Tags: Art, Theatre, New Jersey, Audience, 11.18.20


Baryshnibot: Ballerina Physicist Invents Ideal Dance Partner For Quarantine

A few weeks after the lockdown started back in March, Merritt Moore — who danced with ballet companies in Oslo, London and Boston before getting a Ph.D. in physics from Oxford — hit on the idea of using a robot as a partner for dance training while in isolation. So she ordered an industrial model and started programming it to do 15-second ballets with her for TikTok and Instagram. The pair has since racked up about 15 million views. (And yes, the machine’s name, which was crowdsourced, is Barys...
Tags: Art, Boston, Dance, Oxford, Oslo London, Merritt Moore, 11.18.20


Apple TV Relents And Allows “Charlie Brown Christmas” To Air On TV

On Wednesday, Apple bowed to the backlash, announcing it had teamed up with PBS for ad-free broadcasts of “A Charlie Brown Thanksgiving” (on Nov. 22) and “A Charlie Brown Christmas” (on Dec. 13). – PBS
Tags: Apple, Art, Media, Pbs, 11.18.20


Character Dance Used To Be An Integral Part Of Ballet, And Just As Popular. What Happened To It?

“Most full-length classical ballets feature several character dances — troupes of dancing peasants, parades of visiting princesses. Today, those dances are often seen as ‘filler,’ interludes to give the principals a breather between classical variations. But back in the 19th century, … character dances had deep cultural significance. … (Picture a Paris opera house full of cheering crowds, demanding multiple encores after their favorite star performs a knockout mazurka.) How did something that u...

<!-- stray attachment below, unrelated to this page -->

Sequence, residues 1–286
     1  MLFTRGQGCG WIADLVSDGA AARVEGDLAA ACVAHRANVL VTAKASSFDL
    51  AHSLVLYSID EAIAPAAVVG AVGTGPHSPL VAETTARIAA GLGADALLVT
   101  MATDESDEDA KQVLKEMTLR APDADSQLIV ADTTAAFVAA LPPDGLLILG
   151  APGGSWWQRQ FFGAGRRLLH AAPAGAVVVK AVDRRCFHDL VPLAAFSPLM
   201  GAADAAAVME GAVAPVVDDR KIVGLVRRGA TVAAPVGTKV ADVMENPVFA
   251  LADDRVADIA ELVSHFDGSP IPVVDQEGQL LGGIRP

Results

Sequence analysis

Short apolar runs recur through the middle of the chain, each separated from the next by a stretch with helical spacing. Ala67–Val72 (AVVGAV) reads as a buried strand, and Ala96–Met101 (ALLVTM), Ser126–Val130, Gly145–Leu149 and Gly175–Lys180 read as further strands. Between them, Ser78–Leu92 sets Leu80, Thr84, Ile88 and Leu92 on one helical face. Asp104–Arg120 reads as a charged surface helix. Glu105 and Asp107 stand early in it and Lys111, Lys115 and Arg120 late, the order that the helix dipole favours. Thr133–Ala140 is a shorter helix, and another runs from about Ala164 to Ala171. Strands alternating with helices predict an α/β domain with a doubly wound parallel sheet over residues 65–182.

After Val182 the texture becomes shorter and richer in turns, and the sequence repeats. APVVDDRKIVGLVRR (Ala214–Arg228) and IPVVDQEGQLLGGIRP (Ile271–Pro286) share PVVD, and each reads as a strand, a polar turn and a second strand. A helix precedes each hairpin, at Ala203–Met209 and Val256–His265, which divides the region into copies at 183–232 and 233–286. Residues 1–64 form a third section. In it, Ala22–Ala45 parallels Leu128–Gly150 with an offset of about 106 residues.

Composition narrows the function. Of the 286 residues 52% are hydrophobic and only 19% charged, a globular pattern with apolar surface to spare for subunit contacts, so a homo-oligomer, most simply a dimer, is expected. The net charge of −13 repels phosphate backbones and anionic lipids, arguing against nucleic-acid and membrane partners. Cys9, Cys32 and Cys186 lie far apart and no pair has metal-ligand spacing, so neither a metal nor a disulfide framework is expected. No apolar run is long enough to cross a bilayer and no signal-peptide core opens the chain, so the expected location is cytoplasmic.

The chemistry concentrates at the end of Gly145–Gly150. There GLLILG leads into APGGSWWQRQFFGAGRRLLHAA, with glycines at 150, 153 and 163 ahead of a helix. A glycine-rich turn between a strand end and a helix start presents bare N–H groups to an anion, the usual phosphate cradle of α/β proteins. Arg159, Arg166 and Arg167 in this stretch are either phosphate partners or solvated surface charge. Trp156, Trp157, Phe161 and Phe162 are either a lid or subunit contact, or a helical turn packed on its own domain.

Tags: Art, Dance, Paris, 11.18.20, Nicole Loeffler Gladstone


Academy of Ancient Music, Leading Baroque Orchestra, Names New Director

Under its founder, the late Christopher Hogwood, the AAM made many pathbreaking recordings, including the first period-instrument releases of the complete Mozart symphonies, Bach’s Magnificat, and four Handel oratorios, including Messiah; with Hogwood and his successor, Richard Egarr, the orchestra has built up a discography of more than 200 titles. Taking the reins from Egarr in the fall of 2021 will be harpsichordist/conductor Laurence Cummings, currently director of the International Handel ...